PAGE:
The application contains a config file (app_config.json) that is located in the config directory of the kidney server. An example of this config file is shown below:

	"log_level" : "info",
    "solver": "coin",
	"log_file" : "kidney_log.txt",
    "templates_dir" : "./templates",
    "constraints_dir" : "./constraints",
    "optimal" : "size:weight"
    "max_ip_run_time_secs": 55,
    "max_heuristic_time_secs": 180,
    "abacus_logging": false,
    "abacus_print_lp": false,
    "pricing_steps": 1,
    "farkas_pricing_steps": 100,
    "max_col_gen_iteration_time": "00:30::00",
    "strong_branching_candidates": 5
    "random_seed_limits": [[200,0],[400,20000]]
    "col_gen_detect": {"coin": 100000, "cplex": 400000}

A description of each item follows:

the level that the logger should output messages at. For the list of possible values see the logging section of this site
the solver to use can be either coin or cplex (default: coin)
the path where the log file should reside
This is the location where the template files that control how the output is displayed can be found. When the ruby server is run in daemon mode (i.e. -d flag) then this path must be an absolute path. Usually the template files will be located in the root of the install folder. So in the case of running the application in daemon mode and you have installed the kidney server in say "/opt/kidney", this value would read "templates_dir": "/opt/kidney/templates"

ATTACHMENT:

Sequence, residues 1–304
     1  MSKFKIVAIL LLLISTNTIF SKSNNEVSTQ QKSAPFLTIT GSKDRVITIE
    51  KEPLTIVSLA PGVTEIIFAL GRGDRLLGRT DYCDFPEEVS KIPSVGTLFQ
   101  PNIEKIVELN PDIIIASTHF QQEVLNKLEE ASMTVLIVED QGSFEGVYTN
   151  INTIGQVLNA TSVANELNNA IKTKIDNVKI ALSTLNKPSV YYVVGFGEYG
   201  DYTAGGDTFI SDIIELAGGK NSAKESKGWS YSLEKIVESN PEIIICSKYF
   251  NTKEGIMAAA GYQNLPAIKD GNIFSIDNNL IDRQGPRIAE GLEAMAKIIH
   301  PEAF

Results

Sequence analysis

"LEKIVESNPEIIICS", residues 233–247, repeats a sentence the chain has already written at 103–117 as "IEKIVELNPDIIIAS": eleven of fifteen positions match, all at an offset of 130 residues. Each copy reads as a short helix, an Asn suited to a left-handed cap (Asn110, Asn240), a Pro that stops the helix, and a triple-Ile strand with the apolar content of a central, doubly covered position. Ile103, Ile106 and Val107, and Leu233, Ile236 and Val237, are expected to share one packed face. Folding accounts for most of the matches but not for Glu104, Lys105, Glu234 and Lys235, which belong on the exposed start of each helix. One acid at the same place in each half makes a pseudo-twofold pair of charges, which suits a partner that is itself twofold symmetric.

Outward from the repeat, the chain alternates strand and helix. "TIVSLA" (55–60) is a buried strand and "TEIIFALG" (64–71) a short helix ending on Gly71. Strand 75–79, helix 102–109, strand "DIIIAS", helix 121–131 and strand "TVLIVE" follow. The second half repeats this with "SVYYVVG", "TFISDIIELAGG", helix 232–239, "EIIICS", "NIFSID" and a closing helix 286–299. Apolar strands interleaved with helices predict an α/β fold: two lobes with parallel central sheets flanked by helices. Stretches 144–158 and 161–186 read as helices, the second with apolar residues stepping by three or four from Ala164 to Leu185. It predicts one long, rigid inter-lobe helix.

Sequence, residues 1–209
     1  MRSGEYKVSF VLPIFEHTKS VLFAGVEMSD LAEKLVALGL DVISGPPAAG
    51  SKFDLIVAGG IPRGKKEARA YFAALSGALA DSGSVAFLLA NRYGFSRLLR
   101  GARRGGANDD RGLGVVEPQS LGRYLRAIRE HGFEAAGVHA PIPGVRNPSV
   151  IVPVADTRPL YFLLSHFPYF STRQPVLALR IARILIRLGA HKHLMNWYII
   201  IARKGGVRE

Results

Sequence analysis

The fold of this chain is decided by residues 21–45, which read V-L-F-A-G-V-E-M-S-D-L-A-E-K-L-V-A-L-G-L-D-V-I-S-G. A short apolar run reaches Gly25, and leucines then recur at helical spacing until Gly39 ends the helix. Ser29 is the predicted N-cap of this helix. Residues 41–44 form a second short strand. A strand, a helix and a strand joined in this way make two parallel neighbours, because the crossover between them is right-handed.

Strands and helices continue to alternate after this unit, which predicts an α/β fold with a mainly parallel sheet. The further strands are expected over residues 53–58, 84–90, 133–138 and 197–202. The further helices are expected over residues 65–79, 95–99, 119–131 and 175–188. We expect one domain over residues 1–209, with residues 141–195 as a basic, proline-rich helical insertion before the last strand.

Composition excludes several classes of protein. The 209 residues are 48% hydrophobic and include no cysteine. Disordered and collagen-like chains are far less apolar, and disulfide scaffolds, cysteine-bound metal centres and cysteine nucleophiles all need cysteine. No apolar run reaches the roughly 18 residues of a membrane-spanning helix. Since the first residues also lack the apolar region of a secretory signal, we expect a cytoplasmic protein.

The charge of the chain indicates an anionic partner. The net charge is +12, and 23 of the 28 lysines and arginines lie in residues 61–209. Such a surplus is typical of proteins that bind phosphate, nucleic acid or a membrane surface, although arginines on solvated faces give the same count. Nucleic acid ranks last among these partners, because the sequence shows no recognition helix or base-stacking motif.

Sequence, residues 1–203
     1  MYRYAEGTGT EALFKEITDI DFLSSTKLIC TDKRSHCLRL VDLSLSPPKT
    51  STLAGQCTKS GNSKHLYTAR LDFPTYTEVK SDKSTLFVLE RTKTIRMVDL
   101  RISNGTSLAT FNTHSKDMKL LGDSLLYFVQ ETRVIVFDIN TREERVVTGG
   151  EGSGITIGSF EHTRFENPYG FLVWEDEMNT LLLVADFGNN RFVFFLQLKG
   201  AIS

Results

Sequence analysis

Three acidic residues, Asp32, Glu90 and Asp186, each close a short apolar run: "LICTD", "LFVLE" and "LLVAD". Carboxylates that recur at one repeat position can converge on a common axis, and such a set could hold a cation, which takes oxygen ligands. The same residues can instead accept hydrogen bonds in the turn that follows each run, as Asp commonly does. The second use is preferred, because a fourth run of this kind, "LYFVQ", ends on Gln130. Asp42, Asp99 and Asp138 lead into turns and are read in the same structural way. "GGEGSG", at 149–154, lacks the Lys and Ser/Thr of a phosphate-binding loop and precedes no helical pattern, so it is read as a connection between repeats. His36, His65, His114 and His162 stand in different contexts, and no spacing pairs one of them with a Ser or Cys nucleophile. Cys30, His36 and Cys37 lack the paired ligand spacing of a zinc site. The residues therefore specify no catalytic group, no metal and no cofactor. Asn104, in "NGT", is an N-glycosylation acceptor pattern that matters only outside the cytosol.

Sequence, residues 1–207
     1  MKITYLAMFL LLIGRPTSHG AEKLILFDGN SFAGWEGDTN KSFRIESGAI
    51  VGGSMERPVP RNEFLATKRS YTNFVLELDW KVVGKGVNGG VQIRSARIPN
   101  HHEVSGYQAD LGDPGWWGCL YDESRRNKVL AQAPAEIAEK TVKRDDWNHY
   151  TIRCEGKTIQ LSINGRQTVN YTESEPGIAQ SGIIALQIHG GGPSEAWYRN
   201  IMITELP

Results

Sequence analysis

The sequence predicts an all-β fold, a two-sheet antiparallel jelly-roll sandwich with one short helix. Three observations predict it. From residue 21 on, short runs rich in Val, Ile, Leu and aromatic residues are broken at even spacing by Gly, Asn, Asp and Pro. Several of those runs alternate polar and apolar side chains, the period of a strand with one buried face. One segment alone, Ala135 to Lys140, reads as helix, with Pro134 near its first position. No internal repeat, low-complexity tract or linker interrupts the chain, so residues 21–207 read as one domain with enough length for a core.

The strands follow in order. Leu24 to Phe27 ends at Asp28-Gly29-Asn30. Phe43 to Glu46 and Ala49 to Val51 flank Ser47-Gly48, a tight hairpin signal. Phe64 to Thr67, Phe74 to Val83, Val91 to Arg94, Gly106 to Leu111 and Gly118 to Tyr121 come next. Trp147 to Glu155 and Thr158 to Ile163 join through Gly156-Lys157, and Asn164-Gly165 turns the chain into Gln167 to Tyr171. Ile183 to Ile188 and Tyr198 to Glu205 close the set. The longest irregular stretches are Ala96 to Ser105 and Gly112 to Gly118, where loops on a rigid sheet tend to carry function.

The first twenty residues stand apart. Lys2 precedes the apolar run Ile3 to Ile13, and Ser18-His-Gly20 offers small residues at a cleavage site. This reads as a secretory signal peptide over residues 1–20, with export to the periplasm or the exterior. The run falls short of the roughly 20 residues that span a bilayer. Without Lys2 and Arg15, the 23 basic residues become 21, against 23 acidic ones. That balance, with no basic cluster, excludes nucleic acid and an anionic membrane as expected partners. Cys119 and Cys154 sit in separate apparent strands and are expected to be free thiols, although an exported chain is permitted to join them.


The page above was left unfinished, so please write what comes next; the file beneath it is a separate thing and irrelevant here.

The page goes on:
This is the location where the constraint files can be found - that is the lua files that describe the constraints that are available to the system. These will normally be stored in the root of the installation folder and if running the server from the directory this values default setting of ./constraints will suffice. However, like the template_dir option above, if the server is run in daemon mode (-d then the full path must be specified. For example, "templates_dir": "/opt/kidney/constraints", when the application is installed in the /opt/kidney directory
The optimal setting controls the set of constraints that are enforced when finding the optimal solution - that is, you supplied operation as optimal when making an API call. An example of the value given to the optimal key is shown above, in this example we seek to find the optimal solution where the total number of transplants is first maximised (size option), then subject to this, the total weight is maximised (weight option). A constraint is supplied by giving its short name, this name corresponds to the name of the lua file that holds the constraint. So in the case of size above, we would expect to find a constraint file with the name size.lua in the constraints_dir folder. Note, there is an exception to the rule where the short name corresponds to the lua file name. This happens when the constraint is implemented in C++ and cannot be modified (or represented) using a lua file. At the moment there only exists a single constraint where this is the case. The name of this constraint is quick_effective and this is a constraint that uses a graph theoretic approach to construct a constraint that maximises the number of effective pairwise exchanges - this is a much faster approach than using integer programming to obtain the constraint. If this constraint is used then it must come first in the list of constraints, failing to do so will result in unpredictable behaviour. Should you wish to maximise the number of effective pairwise as the second or greater priority, then you must use the effective constraint. Finally we observe the set of constraints is specified by separating the list of constraints using a colon - as in the example above. The default value for this option is quick_effective:size:pairwise:backarc:weight